The Wayward Cloud

The Wayward Cloud


Reviewed by: Jennie Kermode

Boy meets girl. Boy and girl have met before, but now their lives are different. Boy has become a porn star and taken to indulging in secret late-night baths on the rooftop, turning into a fish-creature and singing. Can they reconcile their differences and rediscover the pleasures they once shared?

In this almost dialogue-free film from Hong Kong-based auteur Tsai Ming-liang, the setting is almost as important as the characters, and, indeed, dictates many of their actions.

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It is Taipei, in the middle of summer, during a desperate drought. As the heat overwhelms them, the people gradually abandon their civilised ways and revert to animal instincts, their priorities shifted by the urgent need to stay hydrated and stay cool. The atmosphere is delirious, as reflected in Ming-liang's sumptuous photography, which makes gorgeous use of space and light to show us another side of a usually hectic city.

Meanwhile, the price of watermelon has plummeted, and the ripe fruit are everywhere, fresh and succulent. Gradually they begin to fill the role of water in everyone's lives. They quench thirst. They relieve dry skin. They substitute even for the tenderness of flesh. After seeing this film, you will never look at watermelon the same way again.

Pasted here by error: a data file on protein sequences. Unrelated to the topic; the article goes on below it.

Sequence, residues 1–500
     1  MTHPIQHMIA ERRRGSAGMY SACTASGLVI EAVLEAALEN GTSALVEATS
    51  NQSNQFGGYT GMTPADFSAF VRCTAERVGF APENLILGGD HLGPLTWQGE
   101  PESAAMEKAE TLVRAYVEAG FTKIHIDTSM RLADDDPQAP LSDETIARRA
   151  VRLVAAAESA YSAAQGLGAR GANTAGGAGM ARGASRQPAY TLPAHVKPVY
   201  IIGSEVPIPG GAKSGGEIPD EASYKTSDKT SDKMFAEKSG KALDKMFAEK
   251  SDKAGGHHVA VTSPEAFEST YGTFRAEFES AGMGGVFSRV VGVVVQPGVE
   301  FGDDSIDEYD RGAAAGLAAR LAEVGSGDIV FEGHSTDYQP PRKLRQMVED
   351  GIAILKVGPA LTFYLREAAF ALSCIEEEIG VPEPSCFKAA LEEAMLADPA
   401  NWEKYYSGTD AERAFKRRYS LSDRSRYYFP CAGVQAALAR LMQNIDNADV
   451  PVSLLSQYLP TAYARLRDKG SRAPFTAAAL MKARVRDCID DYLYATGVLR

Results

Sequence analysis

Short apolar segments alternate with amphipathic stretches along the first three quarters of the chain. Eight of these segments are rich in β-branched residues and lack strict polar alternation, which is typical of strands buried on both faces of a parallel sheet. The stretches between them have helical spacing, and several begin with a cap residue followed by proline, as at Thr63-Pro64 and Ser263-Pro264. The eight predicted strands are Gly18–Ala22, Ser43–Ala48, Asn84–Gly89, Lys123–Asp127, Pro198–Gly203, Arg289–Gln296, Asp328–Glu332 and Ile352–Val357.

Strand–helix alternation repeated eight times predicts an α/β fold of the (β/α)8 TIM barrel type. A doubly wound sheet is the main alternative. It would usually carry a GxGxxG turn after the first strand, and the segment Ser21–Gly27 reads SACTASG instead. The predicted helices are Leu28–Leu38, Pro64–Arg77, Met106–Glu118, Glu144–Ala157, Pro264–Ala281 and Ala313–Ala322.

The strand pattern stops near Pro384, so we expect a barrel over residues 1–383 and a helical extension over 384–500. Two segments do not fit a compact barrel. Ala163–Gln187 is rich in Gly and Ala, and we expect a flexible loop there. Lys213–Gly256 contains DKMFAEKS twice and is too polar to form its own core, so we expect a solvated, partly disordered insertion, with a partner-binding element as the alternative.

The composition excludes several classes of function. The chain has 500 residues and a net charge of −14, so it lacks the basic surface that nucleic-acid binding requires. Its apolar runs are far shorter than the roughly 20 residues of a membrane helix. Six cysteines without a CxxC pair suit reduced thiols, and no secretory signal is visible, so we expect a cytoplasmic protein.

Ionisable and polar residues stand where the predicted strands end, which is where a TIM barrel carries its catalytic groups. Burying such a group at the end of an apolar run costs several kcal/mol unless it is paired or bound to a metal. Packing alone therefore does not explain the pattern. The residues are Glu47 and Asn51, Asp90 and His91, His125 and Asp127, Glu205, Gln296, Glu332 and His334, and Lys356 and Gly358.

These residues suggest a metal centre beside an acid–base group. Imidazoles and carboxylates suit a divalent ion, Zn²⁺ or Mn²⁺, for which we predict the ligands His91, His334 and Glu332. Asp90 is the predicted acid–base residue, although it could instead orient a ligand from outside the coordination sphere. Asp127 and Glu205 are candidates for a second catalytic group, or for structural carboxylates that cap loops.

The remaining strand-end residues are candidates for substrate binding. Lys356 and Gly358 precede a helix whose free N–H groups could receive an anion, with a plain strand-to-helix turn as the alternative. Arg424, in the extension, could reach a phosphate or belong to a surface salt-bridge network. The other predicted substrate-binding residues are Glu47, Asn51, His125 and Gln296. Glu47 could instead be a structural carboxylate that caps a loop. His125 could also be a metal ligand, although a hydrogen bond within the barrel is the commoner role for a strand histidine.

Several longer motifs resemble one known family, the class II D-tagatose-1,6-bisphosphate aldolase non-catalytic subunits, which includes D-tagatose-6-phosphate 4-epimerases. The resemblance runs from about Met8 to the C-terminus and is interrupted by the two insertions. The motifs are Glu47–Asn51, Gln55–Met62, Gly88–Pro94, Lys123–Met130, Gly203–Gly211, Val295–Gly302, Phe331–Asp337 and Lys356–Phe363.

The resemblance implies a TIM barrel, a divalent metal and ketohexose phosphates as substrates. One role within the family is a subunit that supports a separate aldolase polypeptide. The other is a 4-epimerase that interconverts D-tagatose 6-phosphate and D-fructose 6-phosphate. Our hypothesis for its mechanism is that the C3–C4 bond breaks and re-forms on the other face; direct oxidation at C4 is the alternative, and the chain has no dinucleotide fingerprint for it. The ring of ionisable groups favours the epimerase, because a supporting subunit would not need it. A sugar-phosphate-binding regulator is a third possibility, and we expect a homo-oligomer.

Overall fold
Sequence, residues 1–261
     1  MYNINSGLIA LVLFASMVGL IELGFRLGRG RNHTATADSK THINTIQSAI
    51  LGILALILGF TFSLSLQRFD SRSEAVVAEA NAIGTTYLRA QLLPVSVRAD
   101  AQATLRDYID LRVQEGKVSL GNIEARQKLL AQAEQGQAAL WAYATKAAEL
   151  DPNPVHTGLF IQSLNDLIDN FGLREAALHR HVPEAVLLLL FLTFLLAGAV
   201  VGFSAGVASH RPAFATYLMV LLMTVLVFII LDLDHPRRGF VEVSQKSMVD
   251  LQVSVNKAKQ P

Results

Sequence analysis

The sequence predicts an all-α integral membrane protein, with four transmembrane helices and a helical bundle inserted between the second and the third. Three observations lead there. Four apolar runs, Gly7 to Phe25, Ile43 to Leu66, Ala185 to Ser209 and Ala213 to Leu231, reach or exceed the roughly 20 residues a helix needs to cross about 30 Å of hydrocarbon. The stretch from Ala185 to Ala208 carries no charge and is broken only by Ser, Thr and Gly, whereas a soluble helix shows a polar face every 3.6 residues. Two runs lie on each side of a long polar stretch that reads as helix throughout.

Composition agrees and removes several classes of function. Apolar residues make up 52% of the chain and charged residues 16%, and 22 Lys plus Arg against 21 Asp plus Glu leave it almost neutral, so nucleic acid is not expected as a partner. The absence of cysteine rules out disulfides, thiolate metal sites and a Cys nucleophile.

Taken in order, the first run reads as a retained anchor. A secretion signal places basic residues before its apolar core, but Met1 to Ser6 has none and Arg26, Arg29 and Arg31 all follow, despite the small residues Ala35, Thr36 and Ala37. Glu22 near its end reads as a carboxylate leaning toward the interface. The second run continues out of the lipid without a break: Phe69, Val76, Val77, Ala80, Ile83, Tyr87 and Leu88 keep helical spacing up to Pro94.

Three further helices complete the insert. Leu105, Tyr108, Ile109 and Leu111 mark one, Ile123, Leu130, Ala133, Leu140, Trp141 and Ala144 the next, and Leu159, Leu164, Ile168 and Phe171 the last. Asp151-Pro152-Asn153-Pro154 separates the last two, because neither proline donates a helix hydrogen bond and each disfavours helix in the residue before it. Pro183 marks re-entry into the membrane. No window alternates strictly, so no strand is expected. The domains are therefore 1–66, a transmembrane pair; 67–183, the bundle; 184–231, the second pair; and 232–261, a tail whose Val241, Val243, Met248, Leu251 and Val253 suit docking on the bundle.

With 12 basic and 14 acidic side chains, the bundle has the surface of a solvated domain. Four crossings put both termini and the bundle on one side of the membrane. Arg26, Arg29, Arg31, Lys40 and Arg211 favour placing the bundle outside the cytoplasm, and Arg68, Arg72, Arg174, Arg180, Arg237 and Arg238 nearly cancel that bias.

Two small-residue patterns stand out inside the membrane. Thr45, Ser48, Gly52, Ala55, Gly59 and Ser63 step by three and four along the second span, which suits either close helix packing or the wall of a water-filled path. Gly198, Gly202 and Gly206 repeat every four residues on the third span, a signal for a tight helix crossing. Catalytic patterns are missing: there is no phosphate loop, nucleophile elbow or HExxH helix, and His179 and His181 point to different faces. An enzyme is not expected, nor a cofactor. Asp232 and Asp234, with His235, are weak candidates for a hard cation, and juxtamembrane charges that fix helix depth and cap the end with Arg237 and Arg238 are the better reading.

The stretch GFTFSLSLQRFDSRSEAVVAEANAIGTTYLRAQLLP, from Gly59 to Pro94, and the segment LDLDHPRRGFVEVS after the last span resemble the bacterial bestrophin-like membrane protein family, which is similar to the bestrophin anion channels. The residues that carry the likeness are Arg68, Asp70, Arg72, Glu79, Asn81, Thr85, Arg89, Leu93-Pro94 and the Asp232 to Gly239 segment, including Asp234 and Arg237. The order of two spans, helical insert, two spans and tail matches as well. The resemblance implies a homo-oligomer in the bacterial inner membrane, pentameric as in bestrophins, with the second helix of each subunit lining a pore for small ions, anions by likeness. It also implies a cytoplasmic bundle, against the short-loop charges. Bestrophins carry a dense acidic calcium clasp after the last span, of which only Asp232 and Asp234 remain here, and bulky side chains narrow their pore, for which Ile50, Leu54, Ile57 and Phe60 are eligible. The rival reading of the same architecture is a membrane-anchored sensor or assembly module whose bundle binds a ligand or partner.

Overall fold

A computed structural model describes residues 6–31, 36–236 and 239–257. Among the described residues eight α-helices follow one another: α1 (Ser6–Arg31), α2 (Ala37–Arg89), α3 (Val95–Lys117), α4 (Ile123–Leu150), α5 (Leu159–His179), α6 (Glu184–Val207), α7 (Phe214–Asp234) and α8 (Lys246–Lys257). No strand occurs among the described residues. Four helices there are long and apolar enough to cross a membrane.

The Wayward Cloud is a superbly crafted film. Technically speaking, nothing much happens in it, yet it tells a potent story about what it is to be human. If that doesn't sound like your kind of thing, you might be surprised by how easily it will draw you in. It's a passionate, sensual piece of work, with intense performances from the two leads.

It's also quite aware of its own absurdity, and is full of humour, both deliberate and incidental. The cheesy pop songs which accompany elegantly crafted dance routines accord it a lightness of touch that cannot help but be endearing - if you liked The Locomotion in Inland Empire, you'll love this. Gently seductive and full of surprises, this is a film which will alternately dazzle, charm and shock you. In the middle of winter, it's a great way to turn up the heat.

Reviewed on: 01 Dec 2007
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During a drought, the people of Taipei develop an obsession with watermelon.
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Director: Tsai Ming-liang

Writer: Tsai Ming-liang

Starring: Lee Kang-sheng, Chen Shiang-chyi

Year: 2005

Runtime: 112 minutes

BBFC: 18 - Age Restricted

Country: France, Taiwan


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